Top of the Hops
Every year, Willamette Week sponsors the state's only double blind beer tasting competition and celebrates the winners with the Oregon Beer Awards. Think of it as the Oscars of the local brewing industry. The winners were revealed Feb. 18 in a ceremony at Revolution Hall. Portland's Breakside Brewery took home gold in four categories, while other big winners included 10 Barrel and Von Ebert Brewing. See the complete list of winners and WW's editorial staff picks for the Beers of the Year in Brew, our annual guide to Oregon beer, available now.
The Goose That Laid The Golden Game
The horrible goose is still reeking havoc in the video game industry. Last week, Untitled Goose Game took home top prize at the DICE Awards—considered "the Oscars of Gaming"—in Las Vegas. Along with Game of the Year, it also won Outstanding Achievement for an Independent Game and, for its titular anarchic waterfowl, Outstanding Achievement in Character. The game—in which players control a belligerent goose who systematically irritates the residents of a quaint English village—was created by small Australian developer House House and published by Portland's Panic Inc. In other Goose news, the game design made its way onto the Lego Ideas site, which the toy company uses to crowdsource plans for new products. If it's approved, you'll soon be able cause goose-y mayhem in plastic brick form.
New Goon Rising
The Goonies is getting a remake—sort of. Fox has ordered a pilot for a TV show about a substitute teacher who attempts to help three kids re-create the Oregon-filmed movie about treasure-hunting misfits frame for frame. It sounds like fodder for a wry comedy, but according to The Hollywood Reporter, which first reported the news, it's a drama. Sarah Watson, who penned several episodes for Parenthood and two for That's So Raven, will write the script, and Superbad's Greg Mottola will produce.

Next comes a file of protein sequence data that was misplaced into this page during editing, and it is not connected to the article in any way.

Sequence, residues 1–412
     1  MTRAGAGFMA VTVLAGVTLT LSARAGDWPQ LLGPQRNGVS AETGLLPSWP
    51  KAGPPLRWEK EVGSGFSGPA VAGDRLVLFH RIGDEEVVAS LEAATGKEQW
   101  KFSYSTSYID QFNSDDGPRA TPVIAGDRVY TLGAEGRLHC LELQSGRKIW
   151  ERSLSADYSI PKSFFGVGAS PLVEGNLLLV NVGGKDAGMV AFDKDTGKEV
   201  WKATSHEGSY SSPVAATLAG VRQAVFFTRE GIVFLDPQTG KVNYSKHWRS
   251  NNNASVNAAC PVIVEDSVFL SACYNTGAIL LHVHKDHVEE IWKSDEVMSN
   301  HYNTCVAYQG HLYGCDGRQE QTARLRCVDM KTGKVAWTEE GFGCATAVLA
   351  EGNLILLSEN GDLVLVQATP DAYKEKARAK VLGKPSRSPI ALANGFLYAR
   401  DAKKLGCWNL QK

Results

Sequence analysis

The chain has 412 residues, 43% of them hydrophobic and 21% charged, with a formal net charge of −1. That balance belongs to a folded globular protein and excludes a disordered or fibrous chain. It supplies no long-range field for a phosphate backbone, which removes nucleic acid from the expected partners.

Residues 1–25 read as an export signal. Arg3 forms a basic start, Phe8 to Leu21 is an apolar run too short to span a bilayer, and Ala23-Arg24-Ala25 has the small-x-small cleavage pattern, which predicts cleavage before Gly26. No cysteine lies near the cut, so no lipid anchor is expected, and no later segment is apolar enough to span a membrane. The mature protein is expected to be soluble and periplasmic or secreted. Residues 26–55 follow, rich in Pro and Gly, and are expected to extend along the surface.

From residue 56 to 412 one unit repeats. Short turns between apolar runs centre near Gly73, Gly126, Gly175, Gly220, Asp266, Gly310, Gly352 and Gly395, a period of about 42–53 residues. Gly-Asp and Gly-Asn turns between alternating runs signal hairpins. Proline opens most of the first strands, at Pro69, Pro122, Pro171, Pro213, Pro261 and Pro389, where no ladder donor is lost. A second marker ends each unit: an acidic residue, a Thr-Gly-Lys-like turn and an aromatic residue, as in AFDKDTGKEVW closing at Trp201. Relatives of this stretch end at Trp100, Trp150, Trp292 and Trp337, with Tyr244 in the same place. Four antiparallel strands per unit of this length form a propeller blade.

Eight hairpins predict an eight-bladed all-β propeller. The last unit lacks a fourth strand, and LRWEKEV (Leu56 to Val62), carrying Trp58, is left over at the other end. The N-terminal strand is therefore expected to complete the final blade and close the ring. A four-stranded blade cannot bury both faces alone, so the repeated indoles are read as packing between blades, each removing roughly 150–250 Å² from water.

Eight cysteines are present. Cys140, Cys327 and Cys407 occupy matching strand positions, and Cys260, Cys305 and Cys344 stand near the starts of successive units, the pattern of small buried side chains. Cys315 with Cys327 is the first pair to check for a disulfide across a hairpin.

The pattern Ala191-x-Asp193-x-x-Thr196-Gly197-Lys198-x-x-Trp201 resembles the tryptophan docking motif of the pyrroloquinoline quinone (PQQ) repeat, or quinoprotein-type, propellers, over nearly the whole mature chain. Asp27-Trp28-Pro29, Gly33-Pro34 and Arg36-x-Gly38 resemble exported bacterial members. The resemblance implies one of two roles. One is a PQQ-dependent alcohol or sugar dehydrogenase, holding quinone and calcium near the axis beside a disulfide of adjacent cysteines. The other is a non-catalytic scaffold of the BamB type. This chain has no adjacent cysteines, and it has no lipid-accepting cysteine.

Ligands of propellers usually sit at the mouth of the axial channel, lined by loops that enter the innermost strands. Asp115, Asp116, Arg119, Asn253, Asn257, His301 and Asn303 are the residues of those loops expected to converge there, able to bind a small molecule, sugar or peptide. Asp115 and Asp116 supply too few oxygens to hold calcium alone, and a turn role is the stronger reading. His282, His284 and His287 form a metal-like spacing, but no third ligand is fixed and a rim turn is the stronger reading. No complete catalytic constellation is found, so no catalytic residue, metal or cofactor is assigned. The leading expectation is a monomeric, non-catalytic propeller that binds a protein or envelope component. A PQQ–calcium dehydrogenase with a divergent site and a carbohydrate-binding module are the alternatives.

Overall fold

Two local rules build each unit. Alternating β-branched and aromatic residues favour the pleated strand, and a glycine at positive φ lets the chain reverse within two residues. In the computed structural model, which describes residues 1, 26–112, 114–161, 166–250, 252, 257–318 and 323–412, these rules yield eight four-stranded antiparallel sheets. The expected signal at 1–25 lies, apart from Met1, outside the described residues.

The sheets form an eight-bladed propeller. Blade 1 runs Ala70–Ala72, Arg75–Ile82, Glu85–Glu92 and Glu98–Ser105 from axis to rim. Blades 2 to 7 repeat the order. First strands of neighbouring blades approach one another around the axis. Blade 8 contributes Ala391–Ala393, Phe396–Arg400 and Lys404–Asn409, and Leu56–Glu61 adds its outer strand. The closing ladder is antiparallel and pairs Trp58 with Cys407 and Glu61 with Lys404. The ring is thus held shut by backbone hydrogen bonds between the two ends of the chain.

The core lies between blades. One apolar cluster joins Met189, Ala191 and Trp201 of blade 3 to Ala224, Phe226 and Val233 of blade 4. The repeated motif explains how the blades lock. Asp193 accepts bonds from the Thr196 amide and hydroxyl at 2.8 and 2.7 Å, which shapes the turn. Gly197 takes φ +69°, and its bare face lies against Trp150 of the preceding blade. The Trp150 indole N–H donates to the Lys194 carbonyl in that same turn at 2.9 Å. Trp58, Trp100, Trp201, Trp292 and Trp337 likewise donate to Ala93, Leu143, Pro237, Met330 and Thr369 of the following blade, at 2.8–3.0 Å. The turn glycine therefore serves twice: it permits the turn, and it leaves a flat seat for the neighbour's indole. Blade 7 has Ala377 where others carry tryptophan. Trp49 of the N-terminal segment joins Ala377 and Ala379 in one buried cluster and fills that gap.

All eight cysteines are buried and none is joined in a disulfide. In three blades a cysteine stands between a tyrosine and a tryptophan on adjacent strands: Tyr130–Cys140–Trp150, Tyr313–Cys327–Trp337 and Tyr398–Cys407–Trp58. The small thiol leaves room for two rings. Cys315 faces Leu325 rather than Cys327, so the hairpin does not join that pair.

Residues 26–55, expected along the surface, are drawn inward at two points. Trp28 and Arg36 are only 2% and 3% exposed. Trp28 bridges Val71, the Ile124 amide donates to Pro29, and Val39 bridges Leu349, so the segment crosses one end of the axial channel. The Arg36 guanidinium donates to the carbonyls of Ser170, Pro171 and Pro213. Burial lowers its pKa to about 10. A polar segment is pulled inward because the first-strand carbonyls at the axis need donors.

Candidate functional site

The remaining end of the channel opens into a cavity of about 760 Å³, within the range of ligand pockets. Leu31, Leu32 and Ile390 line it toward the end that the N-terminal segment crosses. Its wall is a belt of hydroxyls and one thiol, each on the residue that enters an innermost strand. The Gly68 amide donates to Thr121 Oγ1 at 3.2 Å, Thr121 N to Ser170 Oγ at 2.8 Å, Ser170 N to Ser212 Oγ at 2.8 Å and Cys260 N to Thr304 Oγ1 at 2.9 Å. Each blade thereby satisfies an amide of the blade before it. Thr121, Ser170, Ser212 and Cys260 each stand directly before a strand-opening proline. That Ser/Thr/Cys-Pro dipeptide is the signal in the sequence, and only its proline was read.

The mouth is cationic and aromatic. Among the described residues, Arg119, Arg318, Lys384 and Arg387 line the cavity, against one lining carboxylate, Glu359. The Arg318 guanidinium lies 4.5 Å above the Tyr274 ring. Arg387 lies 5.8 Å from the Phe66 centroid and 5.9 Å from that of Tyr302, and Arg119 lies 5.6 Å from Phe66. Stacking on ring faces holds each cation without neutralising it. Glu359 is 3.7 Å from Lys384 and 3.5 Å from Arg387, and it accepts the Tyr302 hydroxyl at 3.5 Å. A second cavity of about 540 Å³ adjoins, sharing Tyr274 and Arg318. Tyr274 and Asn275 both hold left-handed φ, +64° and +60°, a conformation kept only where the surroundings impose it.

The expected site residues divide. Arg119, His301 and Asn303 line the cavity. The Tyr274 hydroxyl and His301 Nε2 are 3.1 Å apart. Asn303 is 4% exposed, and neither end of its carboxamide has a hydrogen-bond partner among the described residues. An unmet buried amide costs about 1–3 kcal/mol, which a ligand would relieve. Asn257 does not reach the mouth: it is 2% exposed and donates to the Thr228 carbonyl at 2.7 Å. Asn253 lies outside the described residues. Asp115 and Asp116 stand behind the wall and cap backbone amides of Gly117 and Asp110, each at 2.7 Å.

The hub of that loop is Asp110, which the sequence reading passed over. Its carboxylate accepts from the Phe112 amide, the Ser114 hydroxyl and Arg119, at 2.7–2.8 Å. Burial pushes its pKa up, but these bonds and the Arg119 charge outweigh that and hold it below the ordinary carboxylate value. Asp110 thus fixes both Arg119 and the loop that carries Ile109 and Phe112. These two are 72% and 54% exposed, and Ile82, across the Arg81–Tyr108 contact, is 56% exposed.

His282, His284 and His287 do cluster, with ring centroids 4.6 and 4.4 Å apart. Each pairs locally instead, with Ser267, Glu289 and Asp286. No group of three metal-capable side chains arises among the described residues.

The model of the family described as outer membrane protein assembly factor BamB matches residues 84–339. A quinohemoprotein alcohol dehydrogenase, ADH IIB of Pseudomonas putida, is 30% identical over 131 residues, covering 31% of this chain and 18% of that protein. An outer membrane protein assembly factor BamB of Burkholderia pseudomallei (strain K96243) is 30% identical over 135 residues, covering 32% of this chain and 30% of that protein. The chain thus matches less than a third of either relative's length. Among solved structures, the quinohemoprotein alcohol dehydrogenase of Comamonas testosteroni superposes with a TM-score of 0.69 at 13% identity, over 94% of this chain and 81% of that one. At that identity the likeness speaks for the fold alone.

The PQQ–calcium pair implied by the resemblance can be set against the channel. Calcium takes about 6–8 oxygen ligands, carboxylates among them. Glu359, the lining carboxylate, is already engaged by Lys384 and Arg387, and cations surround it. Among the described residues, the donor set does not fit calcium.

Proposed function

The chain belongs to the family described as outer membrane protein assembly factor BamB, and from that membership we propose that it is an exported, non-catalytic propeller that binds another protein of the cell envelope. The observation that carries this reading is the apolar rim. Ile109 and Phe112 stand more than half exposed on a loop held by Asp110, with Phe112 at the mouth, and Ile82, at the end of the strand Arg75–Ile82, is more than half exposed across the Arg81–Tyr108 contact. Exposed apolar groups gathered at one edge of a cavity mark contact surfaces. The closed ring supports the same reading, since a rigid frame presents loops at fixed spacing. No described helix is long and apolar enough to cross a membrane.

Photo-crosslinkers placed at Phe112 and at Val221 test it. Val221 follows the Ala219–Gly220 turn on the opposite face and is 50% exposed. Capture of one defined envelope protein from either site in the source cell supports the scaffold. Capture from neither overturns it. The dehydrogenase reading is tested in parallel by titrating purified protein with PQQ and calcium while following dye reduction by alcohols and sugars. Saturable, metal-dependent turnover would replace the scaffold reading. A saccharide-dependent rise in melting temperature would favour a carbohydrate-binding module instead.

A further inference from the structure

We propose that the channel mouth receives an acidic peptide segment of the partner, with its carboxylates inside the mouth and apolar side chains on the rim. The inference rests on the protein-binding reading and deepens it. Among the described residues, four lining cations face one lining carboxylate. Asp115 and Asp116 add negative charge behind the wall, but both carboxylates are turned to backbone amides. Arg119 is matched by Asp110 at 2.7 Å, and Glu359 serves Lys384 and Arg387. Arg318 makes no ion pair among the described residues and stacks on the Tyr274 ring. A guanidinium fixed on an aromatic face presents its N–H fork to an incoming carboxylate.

Pickathon and GuildWorks have each been fined $12,500 by state regulators for safety violations that resulted in the deaths of two workers. Last August, two arborists were taking down Pickathon's main stage when the boom lift they were operating tipped over, killing them both. Oregon Occupational Safety and Health Division found that alarm devices on the lift had been disabled, and cited both parties. GuildWorks, a Portland fabric company that designed the canopy for the festival's main stage, was fined an additional $6,000 for failing to operate the lift according to the manufacturer's instructions.
The owner of a Portland food cart has been accused of using racist slurs against a customer less than two years after he was arrested for assaulting and slurring another customer. As first reported by The Oregonian, Darline Hill says Islam El Masry, owner of downtown falafel cart Small Pharoah's, called her the n-word Feb. 6 and told her to go somewhere else after she attempted to place a lunch order. Hill, who is black, said she threw a Gatorade bottle at El Masry out of frustration. She also logged a complaint with the Better Business Bureau and told WW she is weighing further legal action. El Masry was arrested in 2018 after an eyewitness filmed another altercation, in which he called a customer racial epithets, threw a bottle of Gatorade at her and sprayed her with Sriracha. The case was settled out of court.
Hide Your Kids, Hide Your Bikes
A Portland man was arrested Feb. 12 on charges that he rode away with a 12-year-old's bike and exchanged an envelope of napkins for another bike, with the pretense that the envelope was full of cash. In both incidents, the alleged culprit, James Adkins, responded to ads using a Facebook profile with his name and photo. Adkins, who lives in Southeast Portland, has an extensive arrest record in the Portland area, including an alleged attempt last December to shoplift $536 worth of merchandise from the Home Depot in Troutdale. He's since been released from jail and has a court date scheduled in March. Don't show him your bicycle.